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REGIONAL JOURNALISM, GLOBAL PERSPECTIVE.

Business
US-Greenland relations

They’ve got a friend in Washington

America has plenty of ideas for how it can help Greenland on its path to development, but Washington’s envoy says it is up to Nuuk to take the first steps
Business
There to help (Photo: Mads Pedersen)

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American diplomats are no strangers in Greenland. Take, for example, Rufus Gifford, the current ambassador to Copenhagen, which is responsible for diplomatic ties between Washington and the self-governing member of the Kingdom of Denmark.

Gifford, who took office in September, made his third visit to Greenland this week. A fourth is planned for September.

“The embassy’s staff has made a lot of trips to Greenland and our activity level is only increasing,” Gifford says. “This shows that the US is placing increasing importance on Greenland and the Arctic in general.”

During Gifford’s most recent visit, which saw him meet with students preparing to study in the US as well as with military commanders, he explained that Washington was interested in building up commercial and economic ties with Greenland.

“It’s in America’s interest for Greenland to develop a self-sufficient, independent economy. I am here to find out what we can do to help out with that development.”

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A part of Gifford’s trip, he said, was to find ways to encourage US businesses to invest more in Greenland.

“But we can’t do it alone. We need your help. No-one in the US knows what Greenland needs or what the conditions here are. There’s no information about the potential or the challenges businesses would face here.”

One way for businesses to learn more about doing business in Greenland, Gifford suggested, would be to establish a forum to exchange information and experiences working with each other.

“Tell us your ideas about how we can work together and how American companies can invest in in Greenland.”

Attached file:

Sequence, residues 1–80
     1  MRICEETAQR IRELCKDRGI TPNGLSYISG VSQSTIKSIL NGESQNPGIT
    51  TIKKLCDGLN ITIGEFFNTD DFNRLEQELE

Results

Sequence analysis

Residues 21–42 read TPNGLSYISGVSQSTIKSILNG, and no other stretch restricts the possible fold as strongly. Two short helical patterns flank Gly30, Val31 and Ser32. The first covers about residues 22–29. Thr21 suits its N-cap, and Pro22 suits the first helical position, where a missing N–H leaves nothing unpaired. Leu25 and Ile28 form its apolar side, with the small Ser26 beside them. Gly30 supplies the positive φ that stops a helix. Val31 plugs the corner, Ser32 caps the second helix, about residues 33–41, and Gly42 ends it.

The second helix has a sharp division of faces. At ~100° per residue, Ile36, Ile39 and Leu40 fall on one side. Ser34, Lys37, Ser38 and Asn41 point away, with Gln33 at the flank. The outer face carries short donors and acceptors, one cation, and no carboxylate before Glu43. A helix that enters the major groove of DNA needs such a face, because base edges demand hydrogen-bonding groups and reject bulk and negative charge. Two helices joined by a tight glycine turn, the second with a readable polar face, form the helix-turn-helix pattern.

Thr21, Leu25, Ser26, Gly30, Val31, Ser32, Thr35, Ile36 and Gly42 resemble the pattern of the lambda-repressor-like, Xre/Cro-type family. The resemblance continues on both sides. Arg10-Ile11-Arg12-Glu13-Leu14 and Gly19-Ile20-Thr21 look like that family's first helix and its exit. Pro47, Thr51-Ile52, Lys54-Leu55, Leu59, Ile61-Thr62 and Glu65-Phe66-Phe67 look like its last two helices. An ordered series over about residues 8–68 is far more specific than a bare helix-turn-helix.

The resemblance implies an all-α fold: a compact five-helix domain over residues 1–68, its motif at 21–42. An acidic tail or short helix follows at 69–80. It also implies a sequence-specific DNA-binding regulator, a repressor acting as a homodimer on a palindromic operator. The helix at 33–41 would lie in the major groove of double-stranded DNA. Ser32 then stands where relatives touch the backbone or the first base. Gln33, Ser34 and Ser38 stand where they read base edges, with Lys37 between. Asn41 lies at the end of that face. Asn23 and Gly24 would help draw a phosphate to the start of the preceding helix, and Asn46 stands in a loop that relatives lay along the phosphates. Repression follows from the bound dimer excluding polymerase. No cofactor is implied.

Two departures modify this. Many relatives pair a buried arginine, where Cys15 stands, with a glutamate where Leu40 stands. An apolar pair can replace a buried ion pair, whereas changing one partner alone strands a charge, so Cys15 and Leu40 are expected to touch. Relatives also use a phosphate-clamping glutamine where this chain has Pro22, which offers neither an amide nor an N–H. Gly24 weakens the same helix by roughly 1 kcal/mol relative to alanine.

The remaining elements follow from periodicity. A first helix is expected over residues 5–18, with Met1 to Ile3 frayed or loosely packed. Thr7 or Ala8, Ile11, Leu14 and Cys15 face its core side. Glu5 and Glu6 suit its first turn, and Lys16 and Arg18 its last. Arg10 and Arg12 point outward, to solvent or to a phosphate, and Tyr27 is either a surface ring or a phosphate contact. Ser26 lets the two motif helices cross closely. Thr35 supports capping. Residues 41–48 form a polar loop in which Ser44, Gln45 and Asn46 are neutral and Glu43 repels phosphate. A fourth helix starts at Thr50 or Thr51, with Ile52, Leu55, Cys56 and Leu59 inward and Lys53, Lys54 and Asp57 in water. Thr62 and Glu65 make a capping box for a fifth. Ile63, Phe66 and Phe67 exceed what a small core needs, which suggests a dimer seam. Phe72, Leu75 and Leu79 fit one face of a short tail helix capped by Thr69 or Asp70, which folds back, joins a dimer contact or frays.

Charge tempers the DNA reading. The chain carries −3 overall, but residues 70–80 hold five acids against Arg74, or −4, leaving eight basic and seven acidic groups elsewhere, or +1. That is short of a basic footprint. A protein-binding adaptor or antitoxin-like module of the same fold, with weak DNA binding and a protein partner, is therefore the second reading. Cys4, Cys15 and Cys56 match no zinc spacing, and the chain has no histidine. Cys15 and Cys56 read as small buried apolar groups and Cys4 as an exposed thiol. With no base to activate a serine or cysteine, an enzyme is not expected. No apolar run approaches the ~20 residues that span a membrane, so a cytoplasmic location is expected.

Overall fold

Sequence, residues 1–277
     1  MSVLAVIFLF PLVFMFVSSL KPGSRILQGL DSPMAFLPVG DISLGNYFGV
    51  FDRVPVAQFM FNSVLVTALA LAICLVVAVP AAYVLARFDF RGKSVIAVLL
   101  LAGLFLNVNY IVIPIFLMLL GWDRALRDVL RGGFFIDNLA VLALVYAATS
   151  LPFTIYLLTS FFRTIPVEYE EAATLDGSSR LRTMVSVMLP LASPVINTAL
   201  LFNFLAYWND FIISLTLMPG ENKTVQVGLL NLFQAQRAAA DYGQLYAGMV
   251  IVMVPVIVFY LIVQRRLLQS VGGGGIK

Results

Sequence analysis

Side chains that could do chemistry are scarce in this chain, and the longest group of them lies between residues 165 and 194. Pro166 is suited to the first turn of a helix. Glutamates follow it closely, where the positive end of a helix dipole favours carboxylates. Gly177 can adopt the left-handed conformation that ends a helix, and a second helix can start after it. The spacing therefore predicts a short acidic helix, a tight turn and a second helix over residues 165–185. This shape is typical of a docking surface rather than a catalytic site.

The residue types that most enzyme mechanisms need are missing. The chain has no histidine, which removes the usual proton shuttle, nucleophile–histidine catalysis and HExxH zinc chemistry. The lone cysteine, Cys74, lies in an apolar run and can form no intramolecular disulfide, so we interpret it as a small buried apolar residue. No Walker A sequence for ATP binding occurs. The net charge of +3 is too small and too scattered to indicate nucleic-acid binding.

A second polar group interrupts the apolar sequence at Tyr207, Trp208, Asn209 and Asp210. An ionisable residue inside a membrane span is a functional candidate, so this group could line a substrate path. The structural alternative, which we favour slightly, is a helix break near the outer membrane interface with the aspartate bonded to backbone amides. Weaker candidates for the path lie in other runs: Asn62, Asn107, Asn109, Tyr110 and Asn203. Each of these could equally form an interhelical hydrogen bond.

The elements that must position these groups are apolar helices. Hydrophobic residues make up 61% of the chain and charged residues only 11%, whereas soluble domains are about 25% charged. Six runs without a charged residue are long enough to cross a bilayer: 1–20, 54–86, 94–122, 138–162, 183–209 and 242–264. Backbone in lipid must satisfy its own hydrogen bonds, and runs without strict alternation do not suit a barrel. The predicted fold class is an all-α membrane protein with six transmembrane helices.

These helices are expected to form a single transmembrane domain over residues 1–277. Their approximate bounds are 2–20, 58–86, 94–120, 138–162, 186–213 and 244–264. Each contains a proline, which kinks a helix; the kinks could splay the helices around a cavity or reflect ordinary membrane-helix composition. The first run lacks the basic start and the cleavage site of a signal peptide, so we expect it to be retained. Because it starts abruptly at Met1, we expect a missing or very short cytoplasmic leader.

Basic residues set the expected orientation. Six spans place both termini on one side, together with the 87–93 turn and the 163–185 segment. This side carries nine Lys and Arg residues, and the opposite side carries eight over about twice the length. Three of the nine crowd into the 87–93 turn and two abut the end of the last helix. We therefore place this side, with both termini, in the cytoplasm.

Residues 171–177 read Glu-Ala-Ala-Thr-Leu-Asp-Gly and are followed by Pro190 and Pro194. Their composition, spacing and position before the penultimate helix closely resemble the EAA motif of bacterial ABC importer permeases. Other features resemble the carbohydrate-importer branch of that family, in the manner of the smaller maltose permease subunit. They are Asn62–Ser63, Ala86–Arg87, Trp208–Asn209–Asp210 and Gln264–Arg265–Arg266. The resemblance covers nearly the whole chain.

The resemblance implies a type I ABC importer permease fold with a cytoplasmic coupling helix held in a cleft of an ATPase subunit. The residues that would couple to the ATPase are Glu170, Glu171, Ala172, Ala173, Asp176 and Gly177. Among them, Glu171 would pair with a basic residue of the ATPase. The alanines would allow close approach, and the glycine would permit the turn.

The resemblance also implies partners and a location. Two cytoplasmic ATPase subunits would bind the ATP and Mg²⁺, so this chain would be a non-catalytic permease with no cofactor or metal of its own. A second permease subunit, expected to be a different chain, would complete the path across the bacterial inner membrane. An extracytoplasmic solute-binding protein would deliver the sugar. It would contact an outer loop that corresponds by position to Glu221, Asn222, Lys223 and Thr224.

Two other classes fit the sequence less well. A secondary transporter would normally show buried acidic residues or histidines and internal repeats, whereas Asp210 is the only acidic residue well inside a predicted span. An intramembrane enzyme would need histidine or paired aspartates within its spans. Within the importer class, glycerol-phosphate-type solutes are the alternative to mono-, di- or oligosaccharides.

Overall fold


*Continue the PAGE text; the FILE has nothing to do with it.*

Earlier this year, Nuuk sent its first permanent representative to Washington. Though not an official ambassador, Inuuteq Holm Olsen works out of the Danish Embassy and told The Arctic Journal in an interview earlier this year that his job was centred on commercial and cultural relations.

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The move is one that Gifford described as “perfectly timed”.

“We welcome the establishment a representative office in Washington. I’m looking forward to working together to strengthen the commerical ties between our two countries,” Gifford said.

American companies looking to do business in Greenland will also benefit from the inclusion, for the first time, of facts about the country in the embassy’s official investment information.

Such documents – known as ‘country commercial guides’ and ‘investment climate statements’ – are complied by embassies, but this is the first time Greenland is included in the Danish guide.

Before companies start arriving, Gifford hopes to be able to sound out lawmakers in Nuuk and learn whether Greenland is interested in American investments.

“We want to show our private sector what opportunities there are in Greenland, but we want to do it together with the Greenlandic government.”

SEE RELATED: Washington’s folly

Gifford also suggested initiatives such as industry specific delegations, meetings involving US business leaders lawmakers and their counterparts in Greenland.

On this visit Gifford met with representatives from the fishing and tourism industries. He also met with Aleqa Hammond, the premier, and Jens-Erik Kirkegaard, the industry and mining minster.

Both of them, he says, received his offer to assist them should they be interested in attracting American firms.

“This is a long process though. I can’t promise too much about what we can deliver, but we’re willing to work to promote investments and commercial opportunities. If you’ve got ideas that can entice American companies’ interest in Greenland, we’re all ears.”